You’ve probably been hanging out to get stuck into the very nifty Photoshop toolbox. In this section, I’ll introduce some of the most frequently used tools found in the toolbox. I’ll discuss some of the other tools in later chapters as we apply them to solutions.
You’ll notice that some of the tool icons have small black triangles in their bottom right-hand corners. These icons contain hidden treasures! The triangle indicates that there are more related tools available; if you click on the tool icon and hold it down, a “flyout” menu will appear,displaying the additional tools.
Selections can have varying levels of transparency, known as the degree of opacity. It’s actually possible to make a selection with an opacity of 100% in one area, but only 20% in another area. If a selection contains any pixels for which the opacity is more than 50%, they will be displayed with a border of dotted lines. Photoshop won’t visibly outline areas with less than 50% opacity (though they will still be selected). Selection tools automatically select at 100% opacity. We’ll learn about creating transparent selections using Quick Masks and alpha channels later in this chapter.
You can use the selection tools to select certain areas of your document for editing. If you use a selection tool, only the area that’s selected will be affected by any changes you make. You can “feather” selections (specify a fuzzy radius for them) using the Feather field in the options bar. The example at the top of the next page shows two rectangles: one created by filling in a selection with a feather of zero pixels, and one that’s created by filling in the same selection with a feather of five pixels.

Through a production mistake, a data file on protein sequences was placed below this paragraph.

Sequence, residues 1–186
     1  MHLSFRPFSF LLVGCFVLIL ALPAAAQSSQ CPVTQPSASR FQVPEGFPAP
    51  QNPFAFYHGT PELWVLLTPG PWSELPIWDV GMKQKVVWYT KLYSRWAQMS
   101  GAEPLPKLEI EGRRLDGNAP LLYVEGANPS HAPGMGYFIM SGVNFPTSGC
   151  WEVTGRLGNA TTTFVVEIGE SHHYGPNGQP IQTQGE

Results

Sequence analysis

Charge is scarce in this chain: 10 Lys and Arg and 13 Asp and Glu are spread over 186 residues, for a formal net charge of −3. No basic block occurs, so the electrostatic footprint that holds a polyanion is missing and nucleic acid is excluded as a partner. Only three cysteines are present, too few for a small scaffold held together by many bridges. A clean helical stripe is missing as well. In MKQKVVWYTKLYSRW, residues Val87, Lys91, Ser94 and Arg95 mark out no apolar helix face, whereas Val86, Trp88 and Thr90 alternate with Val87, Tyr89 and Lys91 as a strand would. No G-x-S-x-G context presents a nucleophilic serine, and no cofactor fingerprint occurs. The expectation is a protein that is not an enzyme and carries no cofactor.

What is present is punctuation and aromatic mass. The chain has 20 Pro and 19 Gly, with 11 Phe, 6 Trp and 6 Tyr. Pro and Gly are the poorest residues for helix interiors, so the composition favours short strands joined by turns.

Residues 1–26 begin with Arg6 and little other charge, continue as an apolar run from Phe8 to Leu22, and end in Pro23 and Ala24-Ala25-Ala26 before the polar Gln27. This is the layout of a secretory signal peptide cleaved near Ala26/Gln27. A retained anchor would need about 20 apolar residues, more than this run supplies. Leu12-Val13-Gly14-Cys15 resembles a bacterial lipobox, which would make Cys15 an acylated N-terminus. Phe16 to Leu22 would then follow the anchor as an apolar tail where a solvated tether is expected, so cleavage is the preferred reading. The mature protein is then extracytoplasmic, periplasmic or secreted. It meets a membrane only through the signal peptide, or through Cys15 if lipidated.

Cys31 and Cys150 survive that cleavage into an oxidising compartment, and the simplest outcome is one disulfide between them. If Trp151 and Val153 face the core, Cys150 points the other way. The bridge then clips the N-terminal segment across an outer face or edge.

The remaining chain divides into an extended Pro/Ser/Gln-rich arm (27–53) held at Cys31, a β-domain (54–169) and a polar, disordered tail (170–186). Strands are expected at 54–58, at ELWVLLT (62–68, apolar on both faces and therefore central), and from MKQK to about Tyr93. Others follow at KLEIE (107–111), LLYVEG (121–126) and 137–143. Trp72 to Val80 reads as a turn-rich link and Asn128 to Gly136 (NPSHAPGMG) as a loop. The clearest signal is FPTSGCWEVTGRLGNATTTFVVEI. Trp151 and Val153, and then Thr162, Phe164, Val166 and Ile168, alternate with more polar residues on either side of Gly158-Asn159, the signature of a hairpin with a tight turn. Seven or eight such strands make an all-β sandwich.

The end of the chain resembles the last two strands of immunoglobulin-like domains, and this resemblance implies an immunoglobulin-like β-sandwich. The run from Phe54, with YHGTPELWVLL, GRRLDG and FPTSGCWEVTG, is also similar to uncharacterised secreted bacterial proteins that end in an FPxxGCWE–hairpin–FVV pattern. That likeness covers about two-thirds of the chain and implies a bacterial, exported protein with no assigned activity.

Marquee tools (M) are used to create rectangular or elliptical selections, including selections that are “single row” (one pixel tall, stretching across the entire width of the document) and “single column” (one pixel wide, stretching through the entire height of the document). To make single-row or single-column selections, click with the appropriate tool on the image area where you want to select a row or column.
You can use the Lasso tools (L) to create freeform selections. The Lasso Tool comes in three different forms:
- Lasso Tool (L) – Click and drag the Lasso Tool to draw aselection area. Releasing the mouse buttonwill close the selection by joining the start and end points with a straight line.
- Polygonal Lasso Tool (L) – Click at different points to create vertices of a polygonal shape. Close the selection by moving your cursor to the beginning and clicking once, or pressing the Enter key.
No Selection Sometimes Equals All Selected
If you’ve made a selection, only the pixels within the selection are active and can be worked on. Some tools can be used without making a selection at all. However, be aware that if you have not made a specific selection, Photoshop will assume that you are working on the entire layer and any changes you make will affect all pixels in the layer.